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I would like to send / receive a string from 2 CONSOLE Applications (2 different PIDs with no Forms!). I saw that I need the declare this in a class. Is it possible to do this without having a class at all in a console application? If so, how I can do that?

Thanks for your help.

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1  
Just have a look at WM from WM_COPYDATA, it's build from WindowMessage. So it is in fact a Message sent to a Window. But not only a TForm is a Window. Nearly everything you can see on your display is based on a window. Thats why MS called their product Windows ;o) –  Sir Rufo Nov 15 '12 at 8:19

1 Answer 1

up vote 11 down vote accepted

You can't use WM_COPYDATA without a window to send it to. If you don't use classes, you will have to use the Win32 API RegisterClass() and CreateWindow/Ex() functions directly to allocate a window and provide your own stand-alone function for its message handler procedure.

But why not use classes? Then you can leverage the RTL's built-in message handler systems. At the very least, you can use AllocateHWnd() with a static class method so you don't have to instantiate a class object at runtime, eg:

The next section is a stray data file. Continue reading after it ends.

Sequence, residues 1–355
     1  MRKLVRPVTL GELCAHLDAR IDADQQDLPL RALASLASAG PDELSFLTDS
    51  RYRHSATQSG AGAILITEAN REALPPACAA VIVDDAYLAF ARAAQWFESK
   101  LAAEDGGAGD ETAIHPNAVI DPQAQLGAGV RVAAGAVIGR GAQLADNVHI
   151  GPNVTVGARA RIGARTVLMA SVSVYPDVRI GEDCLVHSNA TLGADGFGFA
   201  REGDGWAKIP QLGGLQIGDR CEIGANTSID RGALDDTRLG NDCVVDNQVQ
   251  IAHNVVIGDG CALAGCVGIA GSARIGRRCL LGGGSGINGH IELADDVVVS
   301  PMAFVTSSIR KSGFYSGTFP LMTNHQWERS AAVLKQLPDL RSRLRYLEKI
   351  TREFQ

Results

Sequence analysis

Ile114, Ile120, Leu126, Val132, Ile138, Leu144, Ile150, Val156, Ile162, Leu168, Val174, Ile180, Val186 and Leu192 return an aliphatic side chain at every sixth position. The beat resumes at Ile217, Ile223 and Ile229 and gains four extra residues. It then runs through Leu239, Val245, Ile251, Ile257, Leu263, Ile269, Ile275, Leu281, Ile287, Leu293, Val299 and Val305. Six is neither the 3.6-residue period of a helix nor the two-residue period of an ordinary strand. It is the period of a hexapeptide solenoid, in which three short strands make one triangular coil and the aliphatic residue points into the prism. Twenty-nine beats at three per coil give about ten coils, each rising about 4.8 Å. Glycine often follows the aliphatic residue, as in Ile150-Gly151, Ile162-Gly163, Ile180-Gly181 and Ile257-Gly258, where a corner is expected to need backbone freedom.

type
  TWindowMessages = class
  public
    class procedure WndProc(var Message: TMessage);
  end;

class procedure TWindowMessages.WndProc(var Message: TMessage);
begin
  //...
end;

var
  Wnd: HWND;

Wnd := AllocateHWnd(TWindowMessages.WndProc);
// pump the message queue for new messages as needed...
DeallocateHWnd(Wnd);

If this does not suit your needs, then you should consider a different IPC mechanism that does not rely on windows, such as named pipes, mailslots, sockets, etc.

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2  
Minor nit-pick. That's not a static class method. A static class method has no implicit Self parameter. You make a static class method by adding static to the end of the declaration. That's a class method. –  David Heffernan Nov 15 '12 at 6:26

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